41


 

Other Matters
As of the date of this Proxy Statement, the Board does not intend to bring any other business before the 2006 Annual Meeting. However, the enclosed Proxy will confer discretionary authority with respect to matters which are not presently known to the Board of Directors at the time of the printing hereof, and which may properly come before the Annual Meeting. It is the intention of the persons named in the Proxy to vote such Proxy with respect to such matters in accordance with their best judgment.
By the Order of the Board of Directors.
Judith S. Scott
Secretary
Jscott
Norfolk, Virginia
April 14, 2006

42


 

Proxy Card
PORTFOLIO RECOVERY ASSOCIATES, INC.
Proxy Solicited by the Board of Directors
For Annual Meeting of Stockholders to be held May 10, 2006
For Holders of Record as of March 24, 2006
The undersigned hereby appoints William Brophey and David Roberts, the proxies selected by the Company’s Board of Directors, with the powers the undersigned would possess if personally present, and with full power of substitution, to vote at the Annual Meeting of Stockholders of PORTFOLIO RECOVERY ASSOCIATES, INC. to be held May 10, 2006, and at any adjournments thereof, on the following proposals:
1. Election of Directors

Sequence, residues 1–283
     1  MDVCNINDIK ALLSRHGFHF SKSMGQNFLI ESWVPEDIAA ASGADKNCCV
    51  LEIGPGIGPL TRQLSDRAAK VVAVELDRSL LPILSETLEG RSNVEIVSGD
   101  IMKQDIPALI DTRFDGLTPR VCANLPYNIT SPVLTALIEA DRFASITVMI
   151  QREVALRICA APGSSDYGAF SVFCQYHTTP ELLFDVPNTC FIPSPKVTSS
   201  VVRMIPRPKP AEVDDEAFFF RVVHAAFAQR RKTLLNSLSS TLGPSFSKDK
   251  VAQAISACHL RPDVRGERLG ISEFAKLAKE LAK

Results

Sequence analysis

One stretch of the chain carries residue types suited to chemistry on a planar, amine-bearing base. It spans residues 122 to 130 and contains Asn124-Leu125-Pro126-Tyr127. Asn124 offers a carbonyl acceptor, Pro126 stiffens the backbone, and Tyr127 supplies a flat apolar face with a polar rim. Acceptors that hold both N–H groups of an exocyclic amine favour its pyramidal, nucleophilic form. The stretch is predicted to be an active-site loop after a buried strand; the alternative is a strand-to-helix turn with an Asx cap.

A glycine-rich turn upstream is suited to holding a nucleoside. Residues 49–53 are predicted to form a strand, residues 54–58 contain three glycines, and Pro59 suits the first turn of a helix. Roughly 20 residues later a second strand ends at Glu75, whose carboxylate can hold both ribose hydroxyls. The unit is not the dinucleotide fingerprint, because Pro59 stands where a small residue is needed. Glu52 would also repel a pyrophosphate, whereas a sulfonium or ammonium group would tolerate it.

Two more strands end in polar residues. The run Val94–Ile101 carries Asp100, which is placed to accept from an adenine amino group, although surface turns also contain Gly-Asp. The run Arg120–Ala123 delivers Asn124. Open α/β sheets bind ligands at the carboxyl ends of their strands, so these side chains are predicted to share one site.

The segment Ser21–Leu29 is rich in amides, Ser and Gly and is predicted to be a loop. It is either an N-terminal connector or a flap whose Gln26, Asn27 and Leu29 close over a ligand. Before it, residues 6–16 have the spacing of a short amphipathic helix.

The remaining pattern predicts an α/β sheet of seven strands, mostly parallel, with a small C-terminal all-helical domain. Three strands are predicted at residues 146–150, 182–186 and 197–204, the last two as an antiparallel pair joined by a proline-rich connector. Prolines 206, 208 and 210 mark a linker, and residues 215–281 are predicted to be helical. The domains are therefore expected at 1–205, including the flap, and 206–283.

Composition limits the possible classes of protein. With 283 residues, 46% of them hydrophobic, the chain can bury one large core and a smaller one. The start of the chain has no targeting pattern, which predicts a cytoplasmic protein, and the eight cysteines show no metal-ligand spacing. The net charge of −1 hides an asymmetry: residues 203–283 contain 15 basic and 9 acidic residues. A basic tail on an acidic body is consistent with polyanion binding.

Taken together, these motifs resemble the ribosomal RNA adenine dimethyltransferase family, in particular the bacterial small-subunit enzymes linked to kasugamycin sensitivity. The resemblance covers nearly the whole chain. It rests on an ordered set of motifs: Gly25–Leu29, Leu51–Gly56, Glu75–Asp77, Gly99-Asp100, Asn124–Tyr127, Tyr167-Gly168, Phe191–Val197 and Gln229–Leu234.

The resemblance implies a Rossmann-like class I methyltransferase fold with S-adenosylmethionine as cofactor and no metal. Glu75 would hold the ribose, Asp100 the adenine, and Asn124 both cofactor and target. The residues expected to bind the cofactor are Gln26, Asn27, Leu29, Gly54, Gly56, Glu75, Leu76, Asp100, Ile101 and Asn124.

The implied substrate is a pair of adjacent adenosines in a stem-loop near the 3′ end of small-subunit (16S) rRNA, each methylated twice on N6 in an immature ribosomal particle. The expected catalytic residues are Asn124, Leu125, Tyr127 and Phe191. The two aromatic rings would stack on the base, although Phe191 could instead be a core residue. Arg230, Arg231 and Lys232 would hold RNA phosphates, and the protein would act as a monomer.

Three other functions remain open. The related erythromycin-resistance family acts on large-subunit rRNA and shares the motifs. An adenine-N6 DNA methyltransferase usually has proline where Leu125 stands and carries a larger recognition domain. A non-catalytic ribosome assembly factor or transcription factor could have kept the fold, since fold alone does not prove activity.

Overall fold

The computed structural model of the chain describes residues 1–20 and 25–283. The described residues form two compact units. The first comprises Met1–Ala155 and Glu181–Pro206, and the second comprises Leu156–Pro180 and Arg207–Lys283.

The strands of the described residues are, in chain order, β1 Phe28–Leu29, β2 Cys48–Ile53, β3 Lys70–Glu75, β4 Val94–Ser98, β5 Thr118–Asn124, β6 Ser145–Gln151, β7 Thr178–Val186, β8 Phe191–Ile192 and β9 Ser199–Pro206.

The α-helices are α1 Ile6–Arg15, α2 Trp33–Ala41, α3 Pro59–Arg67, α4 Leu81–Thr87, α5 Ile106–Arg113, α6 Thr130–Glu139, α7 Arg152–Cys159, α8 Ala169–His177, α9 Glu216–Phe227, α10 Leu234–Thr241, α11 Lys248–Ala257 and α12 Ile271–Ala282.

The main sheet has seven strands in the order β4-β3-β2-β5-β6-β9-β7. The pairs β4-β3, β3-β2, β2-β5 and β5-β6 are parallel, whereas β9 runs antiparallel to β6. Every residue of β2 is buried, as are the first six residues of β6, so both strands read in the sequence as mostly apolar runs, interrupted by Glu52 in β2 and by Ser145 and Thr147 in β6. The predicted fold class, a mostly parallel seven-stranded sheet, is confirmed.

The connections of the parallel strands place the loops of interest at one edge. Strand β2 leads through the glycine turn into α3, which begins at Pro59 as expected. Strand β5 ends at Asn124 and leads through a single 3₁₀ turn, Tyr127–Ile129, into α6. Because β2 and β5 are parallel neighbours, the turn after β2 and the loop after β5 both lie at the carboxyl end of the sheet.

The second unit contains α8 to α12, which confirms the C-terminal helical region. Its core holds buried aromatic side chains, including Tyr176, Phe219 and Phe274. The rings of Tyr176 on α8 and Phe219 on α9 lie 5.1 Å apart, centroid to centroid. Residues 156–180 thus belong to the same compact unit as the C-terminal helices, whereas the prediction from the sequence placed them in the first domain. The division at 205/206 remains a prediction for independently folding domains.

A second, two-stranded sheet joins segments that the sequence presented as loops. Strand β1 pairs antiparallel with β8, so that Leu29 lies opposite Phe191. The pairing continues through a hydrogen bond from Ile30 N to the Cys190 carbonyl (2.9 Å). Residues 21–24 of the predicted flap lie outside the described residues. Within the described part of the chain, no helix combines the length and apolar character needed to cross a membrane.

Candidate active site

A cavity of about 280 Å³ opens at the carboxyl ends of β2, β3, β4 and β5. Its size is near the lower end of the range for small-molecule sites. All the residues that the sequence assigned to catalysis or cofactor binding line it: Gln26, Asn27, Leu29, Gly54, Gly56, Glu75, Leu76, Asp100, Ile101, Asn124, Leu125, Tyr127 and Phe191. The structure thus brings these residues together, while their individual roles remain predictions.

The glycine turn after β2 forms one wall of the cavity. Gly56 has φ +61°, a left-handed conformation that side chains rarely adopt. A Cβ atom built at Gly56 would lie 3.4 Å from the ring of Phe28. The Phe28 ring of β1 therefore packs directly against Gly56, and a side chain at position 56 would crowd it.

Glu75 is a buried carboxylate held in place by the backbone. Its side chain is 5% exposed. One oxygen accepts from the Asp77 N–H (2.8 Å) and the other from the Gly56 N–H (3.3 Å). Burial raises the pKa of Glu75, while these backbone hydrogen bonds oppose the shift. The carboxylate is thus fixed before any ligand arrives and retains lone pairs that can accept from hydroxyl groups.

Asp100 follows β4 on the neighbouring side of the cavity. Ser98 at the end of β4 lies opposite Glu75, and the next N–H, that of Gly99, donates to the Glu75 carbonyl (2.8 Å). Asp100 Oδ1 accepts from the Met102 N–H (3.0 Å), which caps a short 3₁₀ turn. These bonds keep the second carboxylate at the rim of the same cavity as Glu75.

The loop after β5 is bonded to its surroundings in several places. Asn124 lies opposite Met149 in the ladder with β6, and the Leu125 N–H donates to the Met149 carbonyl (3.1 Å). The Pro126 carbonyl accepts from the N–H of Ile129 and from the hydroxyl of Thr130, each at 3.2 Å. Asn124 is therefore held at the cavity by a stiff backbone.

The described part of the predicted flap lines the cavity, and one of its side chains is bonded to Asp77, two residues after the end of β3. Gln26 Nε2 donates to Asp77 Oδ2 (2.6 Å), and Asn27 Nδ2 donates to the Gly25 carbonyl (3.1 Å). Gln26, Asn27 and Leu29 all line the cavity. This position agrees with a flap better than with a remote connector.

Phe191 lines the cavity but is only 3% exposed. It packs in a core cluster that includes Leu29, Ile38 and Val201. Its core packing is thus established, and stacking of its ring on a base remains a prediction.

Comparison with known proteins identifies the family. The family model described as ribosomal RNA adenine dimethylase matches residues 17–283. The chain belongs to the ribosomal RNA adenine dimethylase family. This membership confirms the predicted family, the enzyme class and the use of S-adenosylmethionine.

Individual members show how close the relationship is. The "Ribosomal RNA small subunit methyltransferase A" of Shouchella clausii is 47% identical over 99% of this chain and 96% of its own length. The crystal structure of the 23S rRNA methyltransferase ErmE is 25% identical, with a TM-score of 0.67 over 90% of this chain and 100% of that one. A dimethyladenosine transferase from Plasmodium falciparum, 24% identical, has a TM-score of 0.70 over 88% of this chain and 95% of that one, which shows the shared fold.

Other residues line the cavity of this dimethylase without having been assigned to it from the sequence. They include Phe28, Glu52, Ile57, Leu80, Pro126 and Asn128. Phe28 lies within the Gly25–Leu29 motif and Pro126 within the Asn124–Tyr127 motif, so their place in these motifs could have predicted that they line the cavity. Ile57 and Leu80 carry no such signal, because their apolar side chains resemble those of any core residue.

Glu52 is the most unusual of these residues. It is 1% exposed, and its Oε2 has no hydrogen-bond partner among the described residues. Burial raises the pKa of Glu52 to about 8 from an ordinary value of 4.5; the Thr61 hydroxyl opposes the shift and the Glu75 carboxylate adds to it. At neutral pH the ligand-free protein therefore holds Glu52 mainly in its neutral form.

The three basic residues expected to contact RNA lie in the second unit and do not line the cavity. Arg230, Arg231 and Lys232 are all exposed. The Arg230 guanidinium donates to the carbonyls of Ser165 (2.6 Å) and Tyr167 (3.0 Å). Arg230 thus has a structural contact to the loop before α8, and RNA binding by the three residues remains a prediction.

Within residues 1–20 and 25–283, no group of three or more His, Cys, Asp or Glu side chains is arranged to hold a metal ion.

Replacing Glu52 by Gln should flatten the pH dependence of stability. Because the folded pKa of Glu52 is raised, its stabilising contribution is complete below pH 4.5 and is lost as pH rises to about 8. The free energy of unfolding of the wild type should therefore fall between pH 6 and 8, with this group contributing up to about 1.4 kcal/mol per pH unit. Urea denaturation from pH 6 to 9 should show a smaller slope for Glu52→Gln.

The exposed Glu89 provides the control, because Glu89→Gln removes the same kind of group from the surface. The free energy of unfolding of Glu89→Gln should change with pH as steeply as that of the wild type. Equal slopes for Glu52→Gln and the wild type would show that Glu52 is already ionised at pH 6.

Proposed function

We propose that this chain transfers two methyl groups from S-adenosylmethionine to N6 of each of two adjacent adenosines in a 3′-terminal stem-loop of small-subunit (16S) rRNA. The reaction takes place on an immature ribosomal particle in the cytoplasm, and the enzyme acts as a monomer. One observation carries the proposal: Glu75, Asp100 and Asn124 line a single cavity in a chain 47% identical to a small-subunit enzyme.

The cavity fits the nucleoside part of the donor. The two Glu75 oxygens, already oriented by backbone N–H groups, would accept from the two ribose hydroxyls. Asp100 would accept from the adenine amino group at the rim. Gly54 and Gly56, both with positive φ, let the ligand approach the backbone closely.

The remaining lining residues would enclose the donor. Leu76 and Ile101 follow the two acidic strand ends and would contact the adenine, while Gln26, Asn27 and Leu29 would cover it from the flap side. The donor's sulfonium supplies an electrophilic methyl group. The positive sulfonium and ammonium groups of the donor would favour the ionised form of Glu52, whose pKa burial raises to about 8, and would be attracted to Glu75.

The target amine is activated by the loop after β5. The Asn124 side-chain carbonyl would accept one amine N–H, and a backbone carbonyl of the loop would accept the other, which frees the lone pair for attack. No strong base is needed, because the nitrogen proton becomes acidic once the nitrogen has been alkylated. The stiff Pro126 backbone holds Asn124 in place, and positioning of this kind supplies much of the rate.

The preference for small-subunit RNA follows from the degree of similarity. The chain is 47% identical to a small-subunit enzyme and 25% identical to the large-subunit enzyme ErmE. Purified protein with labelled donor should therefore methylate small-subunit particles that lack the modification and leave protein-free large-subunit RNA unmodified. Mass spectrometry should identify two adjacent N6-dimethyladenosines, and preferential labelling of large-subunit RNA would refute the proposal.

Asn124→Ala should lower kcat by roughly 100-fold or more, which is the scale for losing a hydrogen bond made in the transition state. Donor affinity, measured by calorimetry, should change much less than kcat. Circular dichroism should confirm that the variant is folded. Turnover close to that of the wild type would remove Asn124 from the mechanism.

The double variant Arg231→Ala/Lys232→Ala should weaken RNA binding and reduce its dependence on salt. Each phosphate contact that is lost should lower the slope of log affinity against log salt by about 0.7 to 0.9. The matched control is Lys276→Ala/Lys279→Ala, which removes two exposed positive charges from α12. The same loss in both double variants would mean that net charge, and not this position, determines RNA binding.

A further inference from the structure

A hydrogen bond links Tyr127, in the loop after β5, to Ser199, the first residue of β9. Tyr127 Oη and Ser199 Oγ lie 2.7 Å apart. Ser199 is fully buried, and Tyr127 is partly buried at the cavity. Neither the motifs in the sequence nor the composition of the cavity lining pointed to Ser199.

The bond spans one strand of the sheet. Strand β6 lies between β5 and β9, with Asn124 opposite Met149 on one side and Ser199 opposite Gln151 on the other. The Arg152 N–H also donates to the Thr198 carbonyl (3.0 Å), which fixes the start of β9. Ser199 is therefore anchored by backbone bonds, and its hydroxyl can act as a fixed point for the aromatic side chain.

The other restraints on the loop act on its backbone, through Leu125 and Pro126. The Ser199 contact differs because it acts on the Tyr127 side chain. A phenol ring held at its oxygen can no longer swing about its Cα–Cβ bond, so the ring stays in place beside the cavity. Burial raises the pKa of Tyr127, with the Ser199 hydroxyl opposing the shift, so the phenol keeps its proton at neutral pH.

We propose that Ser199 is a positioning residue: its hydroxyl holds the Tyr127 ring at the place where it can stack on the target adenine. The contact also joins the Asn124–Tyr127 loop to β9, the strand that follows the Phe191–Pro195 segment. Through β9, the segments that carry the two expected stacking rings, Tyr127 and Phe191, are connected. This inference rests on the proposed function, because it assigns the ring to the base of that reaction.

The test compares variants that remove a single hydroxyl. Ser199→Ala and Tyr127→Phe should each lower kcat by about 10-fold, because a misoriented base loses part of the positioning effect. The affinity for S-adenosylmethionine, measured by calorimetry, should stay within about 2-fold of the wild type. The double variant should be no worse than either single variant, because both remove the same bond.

Nominees:   1. Steven D. Fredrickson
2. Penelope W. Kyle
2 . Ratification of Appointment of Independent Auditors
                    Independent Auditors: PricewaterhouseCoopers LLP
The proxies named above are authorized to vote in their discretion with respect to other matters that may properly come before the Annual Meeting or any adjournment thereof. As of April 14, 2006 (the date of this mailing), Portfolio Recovery Associates, Inc. does not know of any such other matters to be presented at the Annual Meeting.
You are encouraged to specify your choices by marking the appropriate boxes, SEE REVERSE SIDE . Your shares cannot be voted unless you sign, date and return this card, or vote your shares by using either of the means described on the reverse side.
SEE REVERSE SIDE
 
Please mark /x/ in only one box.
When this Proxy is properly executed, the shares to which it relates will be voted in the manner directed herein.
The Board of Directors recommends a vote FOR the election of the above directors.
     
FOR All Nominees    
  o
Withhold Authority From Both Nominees
  o
FOR Nominee 1 Only
  o
FOR Nominee 2 Only
  o
     The Board of Directors recommends a vote FOR the ratification of the selection of the above Independent Auditors.
     
FOR      
  o
AGAINST
  o
ABSTAIN
  o
Signature                                                                                    
Date                                                                                    
I pan to attend the Annual Meeting in person  o
NOTE: Please sign exactly as name appears hereon. Joint owners should each sign. When signing as attorney, executor, administrator or guardian, please give full title as such.
The signer hereby revokes all proxies heretofore given by the signer to vote at said meeting or any adjournments thereof. By signing this proxy card, you acknowledge receipt of the Notice of Annual Meeting of Stockholders to be held on May 10, 2006, and the Proxy Statement dated April 14, 2006.
YOUR VOTE IS IMPORTANT.   THANK YOU FOR VOTING.
Detach
 

 


 

EACH STOCKHOLDER MAY BE ASKED TO PRESENT VALID PICTURE IDENTIFICATION, SUCH AS DRIVER’S LICENSE OR EMPLOYEE IDENTIFICATION BADGE, IN ADDITION TO THIS ADMISSION TICKET.
     
PLEASE ADMIT:   NON-TRANSFERABLE
ADMISSION TICKET
CONTROL NUMBER